Honey Science


Honey is one of nature's greatest creations.  Without any additives or refrigeration, honey will not spoil on its own.  It is one of very few natural foods that don't have expiration dates.  While being quite the delicious additive to hot drinks and even on its own, honey has useful soothing properties as well.  Honey was used in ancient medicine to calm soar throats and medicate rashes or burns.  Honey is still used as a remedy for these common issues instead of medication.

For these reasons references of honey can be found in the religious books of Hinduism, Islam, Buddhism, Christianity, and Judaism as a symbol of sweetness.  It has also been used in ancient Egyptian times as a sweetener in treats.  They also used honey to preserve foods and embalm their dead.  The Romans, Mayans, and the Chinese have recorded similar uses of honey in their own cultures.  Even Alexander the Great is believed to have been embalmed in honey to symbolize his immortality.  Here is an example of a cave painting over 8000 years old depicting the retrieval of honey.

 honey climber.jpg

We all know that bees produce honey.  They extract nectar from various flowers and regurgitate the compound into honey wax chambers (another product of bees).  They proceed to flap their wings over the honey to dry it.  The removal of moisture prevents it from spoiling.  This is because bacteria and parasites need water to survive just like we do.  We store honey in sealed containers to limit the exposure to moisture in the air.

For this reason, honey and anything you decide to store in honey, will last for decades or even hundreds of years.  Honey has even been found that dates back 5000 years in a tomb in Georgia.  Honey was coveted so much back then that Georgians would bury their dead with vessels filled with honey for their journeys into their afterlives

Honey Facts



I'm not ashamed to say I love, love, love honey. I usually go light, but apparently, it's better to go darker: the darker the honey, the better its antibacterial and antioxidant power.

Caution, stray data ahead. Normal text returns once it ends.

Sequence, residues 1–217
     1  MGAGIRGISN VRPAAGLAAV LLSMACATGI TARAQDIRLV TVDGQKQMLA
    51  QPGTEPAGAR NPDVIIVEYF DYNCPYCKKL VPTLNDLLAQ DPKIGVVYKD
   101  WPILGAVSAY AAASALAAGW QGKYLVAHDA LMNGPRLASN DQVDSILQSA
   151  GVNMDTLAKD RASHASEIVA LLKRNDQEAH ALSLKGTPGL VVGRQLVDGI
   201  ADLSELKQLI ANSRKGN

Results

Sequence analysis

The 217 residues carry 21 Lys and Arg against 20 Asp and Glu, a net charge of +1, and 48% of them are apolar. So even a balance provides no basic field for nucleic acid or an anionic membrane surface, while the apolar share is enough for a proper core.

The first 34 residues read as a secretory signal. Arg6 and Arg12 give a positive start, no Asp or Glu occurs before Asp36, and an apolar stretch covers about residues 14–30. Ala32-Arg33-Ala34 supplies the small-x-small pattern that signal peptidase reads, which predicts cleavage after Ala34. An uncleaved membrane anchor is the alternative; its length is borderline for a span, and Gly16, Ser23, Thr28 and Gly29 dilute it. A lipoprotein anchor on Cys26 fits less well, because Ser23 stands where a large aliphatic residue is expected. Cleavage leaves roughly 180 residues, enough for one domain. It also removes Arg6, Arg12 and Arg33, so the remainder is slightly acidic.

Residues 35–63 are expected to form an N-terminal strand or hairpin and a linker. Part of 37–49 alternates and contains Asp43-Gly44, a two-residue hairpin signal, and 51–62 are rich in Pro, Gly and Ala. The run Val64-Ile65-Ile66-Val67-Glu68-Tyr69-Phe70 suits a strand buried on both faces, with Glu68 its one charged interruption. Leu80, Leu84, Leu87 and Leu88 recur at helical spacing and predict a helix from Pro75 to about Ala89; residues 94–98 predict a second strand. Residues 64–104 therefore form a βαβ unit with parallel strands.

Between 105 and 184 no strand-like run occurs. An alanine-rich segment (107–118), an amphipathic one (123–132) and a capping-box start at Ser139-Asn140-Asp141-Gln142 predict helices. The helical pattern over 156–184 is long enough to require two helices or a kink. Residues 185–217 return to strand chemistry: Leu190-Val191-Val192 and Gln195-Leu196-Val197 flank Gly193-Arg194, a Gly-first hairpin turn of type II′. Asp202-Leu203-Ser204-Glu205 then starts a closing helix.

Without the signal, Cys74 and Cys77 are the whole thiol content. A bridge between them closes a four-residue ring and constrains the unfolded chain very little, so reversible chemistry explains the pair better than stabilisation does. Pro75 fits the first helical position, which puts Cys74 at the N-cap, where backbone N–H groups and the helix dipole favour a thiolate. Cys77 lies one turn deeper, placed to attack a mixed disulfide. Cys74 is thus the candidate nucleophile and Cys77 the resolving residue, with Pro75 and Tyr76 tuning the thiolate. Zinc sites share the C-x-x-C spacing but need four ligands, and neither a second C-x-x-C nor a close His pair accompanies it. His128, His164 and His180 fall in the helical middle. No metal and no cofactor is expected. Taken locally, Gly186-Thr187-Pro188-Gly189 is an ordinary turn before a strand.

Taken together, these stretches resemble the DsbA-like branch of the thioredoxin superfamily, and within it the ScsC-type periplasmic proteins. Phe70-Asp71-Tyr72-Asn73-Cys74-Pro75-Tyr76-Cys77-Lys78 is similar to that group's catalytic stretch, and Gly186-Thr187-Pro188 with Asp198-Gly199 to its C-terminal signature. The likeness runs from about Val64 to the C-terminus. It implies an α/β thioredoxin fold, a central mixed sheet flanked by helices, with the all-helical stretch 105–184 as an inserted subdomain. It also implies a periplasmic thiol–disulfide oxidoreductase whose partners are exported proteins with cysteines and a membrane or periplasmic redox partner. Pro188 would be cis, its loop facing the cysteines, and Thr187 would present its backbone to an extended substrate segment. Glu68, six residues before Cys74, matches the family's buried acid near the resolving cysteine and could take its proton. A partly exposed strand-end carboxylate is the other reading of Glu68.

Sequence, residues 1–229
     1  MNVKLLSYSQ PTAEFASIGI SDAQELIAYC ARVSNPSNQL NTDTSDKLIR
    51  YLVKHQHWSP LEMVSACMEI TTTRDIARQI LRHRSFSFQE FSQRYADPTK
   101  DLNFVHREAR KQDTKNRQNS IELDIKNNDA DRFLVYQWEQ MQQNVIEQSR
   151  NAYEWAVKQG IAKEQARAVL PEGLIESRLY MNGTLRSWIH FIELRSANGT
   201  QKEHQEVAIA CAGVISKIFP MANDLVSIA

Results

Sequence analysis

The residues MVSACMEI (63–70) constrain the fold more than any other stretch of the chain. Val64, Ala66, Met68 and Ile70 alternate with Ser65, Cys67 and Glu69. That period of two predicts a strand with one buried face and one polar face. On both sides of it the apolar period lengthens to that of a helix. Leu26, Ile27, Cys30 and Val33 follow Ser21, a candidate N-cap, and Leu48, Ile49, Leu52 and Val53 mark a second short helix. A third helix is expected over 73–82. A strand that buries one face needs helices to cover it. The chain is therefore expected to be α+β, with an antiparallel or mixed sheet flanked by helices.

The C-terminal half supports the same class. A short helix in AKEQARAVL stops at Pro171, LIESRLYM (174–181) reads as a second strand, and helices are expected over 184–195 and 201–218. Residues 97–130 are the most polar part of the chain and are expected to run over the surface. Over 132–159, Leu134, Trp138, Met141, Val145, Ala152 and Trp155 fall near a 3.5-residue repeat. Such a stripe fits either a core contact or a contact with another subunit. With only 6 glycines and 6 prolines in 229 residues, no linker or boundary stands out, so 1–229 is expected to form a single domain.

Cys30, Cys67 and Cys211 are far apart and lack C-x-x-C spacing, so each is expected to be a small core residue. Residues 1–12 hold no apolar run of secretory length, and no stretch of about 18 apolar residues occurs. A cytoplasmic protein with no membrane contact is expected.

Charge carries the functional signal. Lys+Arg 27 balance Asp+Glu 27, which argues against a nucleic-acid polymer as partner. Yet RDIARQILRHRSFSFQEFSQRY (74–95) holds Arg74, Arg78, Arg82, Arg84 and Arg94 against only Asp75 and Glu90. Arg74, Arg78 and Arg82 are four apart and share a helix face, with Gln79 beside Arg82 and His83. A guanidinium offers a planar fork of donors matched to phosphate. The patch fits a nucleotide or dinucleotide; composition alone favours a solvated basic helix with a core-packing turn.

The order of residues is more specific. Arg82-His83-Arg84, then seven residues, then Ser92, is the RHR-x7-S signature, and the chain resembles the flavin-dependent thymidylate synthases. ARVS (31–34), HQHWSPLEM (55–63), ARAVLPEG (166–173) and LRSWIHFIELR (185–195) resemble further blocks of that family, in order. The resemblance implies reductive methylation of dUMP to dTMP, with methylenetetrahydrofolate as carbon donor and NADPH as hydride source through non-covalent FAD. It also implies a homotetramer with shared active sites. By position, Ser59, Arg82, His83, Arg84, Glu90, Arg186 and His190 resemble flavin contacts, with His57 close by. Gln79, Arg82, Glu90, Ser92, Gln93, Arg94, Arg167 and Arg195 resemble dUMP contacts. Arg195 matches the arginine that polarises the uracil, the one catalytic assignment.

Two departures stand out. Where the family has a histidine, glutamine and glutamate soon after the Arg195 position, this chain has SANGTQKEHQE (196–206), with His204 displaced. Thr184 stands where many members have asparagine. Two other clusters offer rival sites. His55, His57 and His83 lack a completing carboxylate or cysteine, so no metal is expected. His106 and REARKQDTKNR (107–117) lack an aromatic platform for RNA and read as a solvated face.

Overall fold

That's right- honey has been shown to hamper the growth of bacteria such as E. coli and salmoella, Staphylococcus aureus and Pseudomonas aeruginosa.
Additionally, it can help cut cravings!


Reading this made me want to go out and grab a bottle. It's also very good in whiskey, but that's another blog post. I never liked it as a child, but as I grew older I found that it is an amazing natural product. Although it's filled with fructose it's also filled with antioxidants which is my excuse to go out and buy a bottle.

Honey has so many amazing uses! I typically stick to putting it in my tea, over my fruit, and in my greek yogurt, but there are so many other amazing things you can do with it. There's a list of fifteen awesome and weird uses for honey, and a few that stuck out to me were making marshmallows and using it to get a good nights sleep. I don't sleep well at all but if you put a little bit of salt and honey on your tongue, you're more likely to fall asleep after waking up in the middle of the night. I think I'm going to try that one night and see if it actually works. http://empoweredsustenance.com/uses-for-honey/

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